There is only one obvious outlier, which is Slovakia; however Slovakia is represented in our data set by only one individual, and based on the individual’s position in PC1-PC2 space it’s possible this outlier may actually have had Italian, rather than Slovakian ancestry.and the Russians:
The Russian Federation is less-striking as an outlier, and appears to lie too far “west” genetically, which may be a result of small sample size (n = 6) or simply that the Russians sampled here have ancestry from a location further west than the proxy location for Russia (Moscow) would suggest.
As for the Greeks (GR), once again, they are placed between Italians and their northern neighbors, with Albanians (AL), a pre-Slavic Balkan population especially close, followed by Slavomacedonians ("MK") and Bulgarians (BG). This is especially impressive given the small sample sizes (8 for Greece to 2 for Bulgaria). It appears that even individual members of ethnic groups "find their way" to the appropriate place of the map.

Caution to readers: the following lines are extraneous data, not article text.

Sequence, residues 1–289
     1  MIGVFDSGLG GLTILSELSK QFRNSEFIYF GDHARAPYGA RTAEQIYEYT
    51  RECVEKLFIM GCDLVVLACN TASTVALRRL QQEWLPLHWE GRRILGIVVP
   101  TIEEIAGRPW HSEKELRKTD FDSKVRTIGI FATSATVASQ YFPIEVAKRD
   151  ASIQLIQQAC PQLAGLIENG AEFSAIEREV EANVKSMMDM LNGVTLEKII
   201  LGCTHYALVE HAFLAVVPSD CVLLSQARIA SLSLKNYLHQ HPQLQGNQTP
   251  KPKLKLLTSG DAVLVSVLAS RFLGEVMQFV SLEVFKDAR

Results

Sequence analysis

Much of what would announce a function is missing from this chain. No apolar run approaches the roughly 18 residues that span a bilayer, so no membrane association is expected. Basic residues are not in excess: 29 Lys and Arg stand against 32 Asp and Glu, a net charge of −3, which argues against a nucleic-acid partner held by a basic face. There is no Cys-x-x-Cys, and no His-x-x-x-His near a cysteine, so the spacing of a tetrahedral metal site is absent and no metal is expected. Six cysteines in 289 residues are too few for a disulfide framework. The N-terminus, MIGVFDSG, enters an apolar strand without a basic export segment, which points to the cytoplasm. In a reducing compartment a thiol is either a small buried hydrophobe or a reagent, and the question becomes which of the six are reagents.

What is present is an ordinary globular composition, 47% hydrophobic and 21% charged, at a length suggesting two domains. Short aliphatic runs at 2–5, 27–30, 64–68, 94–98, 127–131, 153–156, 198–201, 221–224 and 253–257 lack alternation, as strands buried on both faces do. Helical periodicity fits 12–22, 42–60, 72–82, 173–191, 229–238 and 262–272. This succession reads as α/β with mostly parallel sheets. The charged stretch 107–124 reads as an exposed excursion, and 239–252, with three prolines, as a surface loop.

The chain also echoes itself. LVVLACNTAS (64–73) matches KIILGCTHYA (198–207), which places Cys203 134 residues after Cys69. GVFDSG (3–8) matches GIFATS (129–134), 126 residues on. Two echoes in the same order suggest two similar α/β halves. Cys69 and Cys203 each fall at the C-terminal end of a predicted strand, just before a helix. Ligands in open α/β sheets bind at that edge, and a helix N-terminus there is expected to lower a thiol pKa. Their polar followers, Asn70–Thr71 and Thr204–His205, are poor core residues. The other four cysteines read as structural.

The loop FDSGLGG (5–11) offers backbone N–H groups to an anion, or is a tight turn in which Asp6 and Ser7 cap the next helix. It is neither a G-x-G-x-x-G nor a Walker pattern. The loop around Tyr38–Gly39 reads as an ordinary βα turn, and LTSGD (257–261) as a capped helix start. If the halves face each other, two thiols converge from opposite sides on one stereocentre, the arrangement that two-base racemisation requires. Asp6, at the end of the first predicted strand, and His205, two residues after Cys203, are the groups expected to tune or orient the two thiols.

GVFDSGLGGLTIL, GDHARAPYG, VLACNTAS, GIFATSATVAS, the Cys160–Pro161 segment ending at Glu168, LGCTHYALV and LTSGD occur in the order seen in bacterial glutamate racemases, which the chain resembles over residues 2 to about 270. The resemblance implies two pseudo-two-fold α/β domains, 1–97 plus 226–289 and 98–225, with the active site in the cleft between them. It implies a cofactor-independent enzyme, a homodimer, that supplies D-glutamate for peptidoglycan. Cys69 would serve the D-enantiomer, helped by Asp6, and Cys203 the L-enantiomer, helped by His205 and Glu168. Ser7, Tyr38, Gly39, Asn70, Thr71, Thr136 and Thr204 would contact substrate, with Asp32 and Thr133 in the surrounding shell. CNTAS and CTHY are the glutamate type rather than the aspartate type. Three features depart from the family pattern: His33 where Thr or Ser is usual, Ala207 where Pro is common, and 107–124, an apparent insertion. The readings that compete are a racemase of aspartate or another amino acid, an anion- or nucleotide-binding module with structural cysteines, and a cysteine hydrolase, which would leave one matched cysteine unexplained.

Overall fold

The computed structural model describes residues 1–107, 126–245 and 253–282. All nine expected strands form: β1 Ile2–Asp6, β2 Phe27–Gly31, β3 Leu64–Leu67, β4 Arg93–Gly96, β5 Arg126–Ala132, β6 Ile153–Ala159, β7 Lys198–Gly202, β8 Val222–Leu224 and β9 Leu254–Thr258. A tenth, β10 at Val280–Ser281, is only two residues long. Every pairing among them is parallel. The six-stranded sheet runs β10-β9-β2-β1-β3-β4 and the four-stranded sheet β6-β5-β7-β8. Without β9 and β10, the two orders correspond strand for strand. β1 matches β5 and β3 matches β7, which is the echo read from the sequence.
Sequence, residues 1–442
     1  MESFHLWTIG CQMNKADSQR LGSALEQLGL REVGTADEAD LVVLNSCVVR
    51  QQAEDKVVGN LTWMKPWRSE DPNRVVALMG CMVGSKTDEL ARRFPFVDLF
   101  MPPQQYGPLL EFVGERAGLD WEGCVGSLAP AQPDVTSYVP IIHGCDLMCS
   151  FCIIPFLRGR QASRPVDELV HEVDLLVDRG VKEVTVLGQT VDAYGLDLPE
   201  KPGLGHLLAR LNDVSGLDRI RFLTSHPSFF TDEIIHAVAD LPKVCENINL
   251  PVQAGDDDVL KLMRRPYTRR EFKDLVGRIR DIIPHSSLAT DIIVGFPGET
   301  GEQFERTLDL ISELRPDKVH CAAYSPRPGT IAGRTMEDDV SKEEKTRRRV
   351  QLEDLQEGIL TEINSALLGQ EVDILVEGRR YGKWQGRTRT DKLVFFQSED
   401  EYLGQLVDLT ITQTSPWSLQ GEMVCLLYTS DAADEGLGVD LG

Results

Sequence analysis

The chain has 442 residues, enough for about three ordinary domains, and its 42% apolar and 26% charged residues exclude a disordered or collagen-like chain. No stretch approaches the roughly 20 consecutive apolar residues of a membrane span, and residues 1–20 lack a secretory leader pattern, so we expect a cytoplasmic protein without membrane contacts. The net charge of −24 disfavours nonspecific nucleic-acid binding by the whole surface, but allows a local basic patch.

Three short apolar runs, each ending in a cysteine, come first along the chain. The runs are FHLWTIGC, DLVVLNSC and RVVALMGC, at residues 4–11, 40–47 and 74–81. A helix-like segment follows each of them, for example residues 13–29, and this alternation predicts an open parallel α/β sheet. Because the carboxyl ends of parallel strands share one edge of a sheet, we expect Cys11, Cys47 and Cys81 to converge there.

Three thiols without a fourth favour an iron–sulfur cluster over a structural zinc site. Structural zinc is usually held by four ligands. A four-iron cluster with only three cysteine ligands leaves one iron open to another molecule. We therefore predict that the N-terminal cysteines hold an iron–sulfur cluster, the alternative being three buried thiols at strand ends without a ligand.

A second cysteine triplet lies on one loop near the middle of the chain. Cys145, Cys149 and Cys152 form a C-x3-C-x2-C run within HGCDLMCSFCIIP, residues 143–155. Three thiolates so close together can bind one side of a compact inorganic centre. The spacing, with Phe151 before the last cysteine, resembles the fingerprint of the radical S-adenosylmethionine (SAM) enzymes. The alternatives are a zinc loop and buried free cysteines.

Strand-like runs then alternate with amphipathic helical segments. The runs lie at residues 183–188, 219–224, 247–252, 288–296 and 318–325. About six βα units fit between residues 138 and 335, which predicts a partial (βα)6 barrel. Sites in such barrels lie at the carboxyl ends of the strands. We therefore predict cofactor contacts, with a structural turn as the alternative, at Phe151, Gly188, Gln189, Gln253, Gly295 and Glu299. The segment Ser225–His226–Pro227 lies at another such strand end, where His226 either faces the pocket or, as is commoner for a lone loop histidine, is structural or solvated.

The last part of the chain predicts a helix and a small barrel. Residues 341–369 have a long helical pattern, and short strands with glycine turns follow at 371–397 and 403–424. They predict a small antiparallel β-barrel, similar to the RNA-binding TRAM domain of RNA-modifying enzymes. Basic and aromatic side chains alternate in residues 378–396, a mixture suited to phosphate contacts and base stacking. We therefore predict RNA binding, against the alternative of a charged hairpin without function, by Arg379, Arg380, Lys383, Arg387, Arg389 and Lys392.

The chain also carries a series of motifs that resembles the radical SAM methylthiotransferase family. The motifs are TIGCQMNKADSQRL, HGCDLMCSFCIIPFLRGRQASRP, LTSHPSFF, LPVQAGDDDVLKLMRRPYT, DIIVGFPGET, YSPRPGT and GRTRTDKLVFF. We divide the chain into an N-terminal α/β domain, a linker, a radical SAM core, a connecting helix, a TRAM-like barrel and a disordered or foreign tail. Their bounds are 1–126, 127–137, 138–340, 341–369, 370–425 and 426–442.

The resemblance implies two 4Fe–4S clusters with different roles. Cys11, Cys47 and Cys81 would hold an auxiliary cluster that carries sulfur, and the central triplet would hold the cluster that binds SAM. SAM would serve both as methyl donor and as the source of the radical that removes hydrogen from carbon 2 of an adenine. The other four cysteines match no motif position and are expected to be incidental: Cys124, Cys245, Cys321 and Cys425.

The Way Ahead
Both this and the previous paper have made it abundantly clear that, even in Europe, where genetic differentiation is very limited and populations are arrayed in a cline, it is possible to determine the rough geographical or ethnic origin of an unknown individual. Even for closely related groups where the precise origin can't be determined (e.g. Spanish vs. Portuguese), we can at least exclude with high probability most other European groups.
The applications of this are obvious: criminal or victim DNA can be pinpointed on the map. The ethnic origin of undocumented persons (e.g. illegal immigrants) can be ascertained with some confidence. Adoptees or persons of unknown ultimate origins (such as many inhabitants of the New World) may be able to trace their ancestry to something more than they could guess by looking at the mirror.